Strengthening Constitutional Self-Government

No Left Turns

Cass Sunstein on ROE reversal

The learned legal scholar repeats the Court’s argument in PLANNED PARENTHOOD (without acknowledging that’s what he’s doing) by saying that ROE was illegitimate judicial activism at the time, but now it would be even more activist to reverse that watershed decision. Activism, from this view, means promoting chaos but refusing to adhere to settled precedent. But judicial restraint, it seems to me, means deferring to legislative majorities unless there’s a clear constitional command not to do so, and so reversing ROE (especially incrementally) remains anti-activist. The Court would become a lot less active and so a lot less politicized as a result (as Justice Scalia repeatedly explains).

I have some sympathy for Sunstein’s complaint that many allegedly conservative critics of ROE aren’t consistently anti-activist themselves. They would be thrilled by an activist decision that nullifies all laws that have even a hint of affirmative action, and some also think that the Court should declare seemingly reasonable environmental regulations unconstitutional.

That’s why, as I explain in HOMELESS AND AT HOME IN AMERICA, that we conservatives should adhere to a pretty consistent ethic of judicial restraint. That doesn’t mean no judicial review at all: But given their, at best, very mixed record, we can safely tell our courts that a lot less might be more (in terms of really securing our constitutional system of self-government). We should look to the courts less, and ourselves more, in protecting our liberty.

Discussions - 4 Comments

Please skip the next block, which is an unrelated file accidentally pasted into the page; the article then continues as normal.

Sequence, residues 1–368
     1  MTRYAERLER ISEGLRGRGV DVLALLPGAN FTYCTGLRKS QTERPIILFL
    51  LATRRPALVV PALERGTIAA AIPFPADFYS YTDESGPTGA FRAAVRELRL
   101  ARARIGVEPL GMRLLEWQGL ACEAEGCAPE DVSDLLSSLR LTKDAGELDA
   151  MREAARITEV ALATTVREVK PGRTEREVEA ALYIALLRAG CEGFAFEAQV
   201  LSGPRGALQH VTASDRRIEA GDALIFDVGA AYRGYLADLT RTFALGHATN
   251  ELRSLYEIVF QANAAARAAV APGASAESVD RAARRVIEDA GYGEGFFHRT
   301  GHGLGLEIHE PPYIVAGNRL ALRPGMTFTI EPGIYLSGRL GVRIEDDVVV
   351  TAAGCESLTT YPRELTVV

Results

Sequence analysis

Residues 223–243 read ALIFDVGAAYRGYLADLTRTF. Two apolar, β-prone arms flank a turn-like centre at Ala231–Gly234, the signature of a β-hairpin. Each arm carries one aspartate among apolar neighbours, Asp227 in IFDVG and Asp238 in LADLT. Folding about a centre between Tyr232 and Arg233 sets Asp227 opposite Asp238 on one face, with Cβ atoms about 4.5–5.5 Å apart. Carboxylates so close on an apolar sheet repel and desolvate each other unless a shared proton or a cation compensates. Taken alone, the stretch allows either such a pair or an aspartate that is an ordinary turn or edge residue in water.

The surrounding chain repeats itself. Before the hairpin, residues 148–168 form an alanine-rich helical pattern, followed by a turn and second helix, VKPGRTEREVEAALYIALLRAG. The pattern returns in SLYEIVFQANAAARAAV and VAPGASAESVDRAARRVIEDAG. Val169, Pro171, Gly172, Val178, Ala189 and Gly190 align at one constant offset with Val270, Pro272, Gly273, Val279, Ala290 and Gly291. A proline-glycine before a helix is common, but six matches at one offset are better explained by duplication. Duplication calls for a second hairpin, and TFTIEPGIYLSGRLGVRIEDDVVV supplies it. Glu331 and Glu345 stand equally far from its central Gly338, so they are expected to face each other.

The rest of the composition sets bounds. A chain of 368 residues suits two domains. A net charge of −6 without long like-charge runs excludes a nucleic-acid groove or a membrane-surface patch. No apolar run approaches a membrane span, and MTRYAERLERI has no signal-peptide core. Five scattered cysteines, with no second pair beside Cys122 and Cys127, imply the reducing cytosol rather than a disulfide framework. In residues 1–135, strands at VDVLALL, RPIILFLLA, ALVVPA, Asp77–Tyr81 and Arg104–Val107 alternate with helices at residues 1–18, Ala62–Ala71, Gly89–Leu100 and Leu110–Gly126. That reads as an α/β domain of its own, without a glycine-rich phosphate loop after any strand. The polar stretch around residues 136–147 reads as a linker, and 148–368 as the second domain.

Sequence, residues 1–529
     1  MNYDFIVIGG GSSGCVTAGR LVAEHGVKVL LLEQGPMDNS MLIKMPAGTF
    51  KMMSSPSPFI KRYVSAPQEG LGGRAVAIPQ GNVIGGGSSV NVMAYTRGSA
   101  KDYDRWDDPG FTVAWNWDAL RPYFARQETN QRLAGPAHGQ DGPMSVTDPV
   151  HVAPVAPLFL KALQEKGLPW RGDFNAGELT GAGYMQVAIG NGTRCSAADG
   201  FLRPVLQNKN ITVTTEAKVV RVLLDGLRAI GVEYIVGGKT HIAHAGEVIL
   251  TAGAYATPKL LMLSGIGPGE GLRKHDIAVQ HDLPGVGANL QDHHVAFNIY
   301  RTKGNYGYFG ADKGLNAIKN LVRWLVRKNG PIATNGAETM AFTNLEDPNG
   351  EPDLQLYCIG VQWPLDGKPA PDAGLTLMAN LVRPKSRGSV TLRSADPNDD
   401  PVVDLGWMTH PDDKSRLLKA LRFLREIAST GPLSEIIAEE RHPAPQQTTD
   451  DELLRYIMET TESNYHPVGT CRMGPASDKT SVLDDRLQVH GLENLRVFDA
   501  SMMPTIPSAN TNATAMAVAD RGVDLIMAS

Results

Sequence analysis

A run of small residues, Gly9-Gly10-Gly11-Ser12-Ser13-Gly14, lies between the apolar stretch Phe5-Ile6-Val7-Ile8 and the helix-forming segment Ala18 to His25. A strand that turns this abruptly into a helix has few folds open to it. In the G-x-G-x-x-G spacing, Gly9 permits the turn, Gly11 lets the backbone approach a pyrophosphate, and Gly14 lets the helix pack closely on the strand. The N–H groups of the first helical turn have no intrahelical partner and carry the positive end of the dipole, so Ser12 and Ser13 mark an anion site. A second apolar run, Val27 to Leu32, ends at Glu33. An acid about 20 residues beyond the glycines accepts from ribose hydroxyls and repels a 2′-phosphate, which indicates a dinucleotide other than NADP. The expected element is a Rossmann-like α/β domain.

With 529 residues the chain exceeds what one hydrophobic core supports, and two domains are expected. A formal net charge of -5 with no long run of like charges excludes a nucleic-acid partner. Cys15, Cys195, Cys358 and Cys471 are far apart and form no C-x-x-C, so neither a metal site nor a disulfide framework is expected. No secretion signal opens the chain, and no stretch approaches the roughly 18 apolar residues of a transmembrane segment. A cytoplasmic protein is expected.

Two points.

Sunstein's argument would have been perfect for those who wanted Plessey v. Ferguson to remain valid law in the 1950s. It is interesting to note that Plessey was an older precedent when the Court reversed it in 1954 than Roe is today.

Conservatives must attempt to adhere to a philosophy of judicial restraint. That will require demanding more of the Executive and legislative branches rather than having them punt difficult questions to the Court. Unless each branch demands [and exercises] prerogatives in Constitutional decision making, the Court will continue to assert its status as the final and complete interpreter of the Constitution.

I think the limited use of judicial review is just what Hamilton had in mind in Fed #78 and likely what Marshall was up to in Marbury. I would take Jefferson's side over Sunstein's in this regard that judicial activism generates the most harm when it diminishes genuine opportunities for public deliberation at the local and state level. Roe has managed not only to generate some constitutional incoherency but also to prevent a more fruitful and less divisive debate over abortion. If Roe never happened it would still be a hot button issue and it would still function as a central fault line in the culture wars; however, we wouldn't have to constantly frame the debate in the illegitimate parameters that Roe provides, suffer from the condescending paternalism of a court decision that forestalls real moral and legislative debate, or have to live in a society that undemocratically refuses us the opportunity to fashion it in a way that reflects our moral worldview.

Might defending Roe have psychologcal importance for Sunsteain and other Progressives? For thinkers whose intellectual underpinnings are partly historical, a reversal on a major issue is a big thing to take. It points to a challenge to the notion that liberalism is, by nature, an historically evolving thing.

I have some sympathy for Sunstein’s complaint that many allegedly conservative critics of ROE aren’t consistently anti-activist themselves.

I don't. Who are these "many"? Let's see some names.

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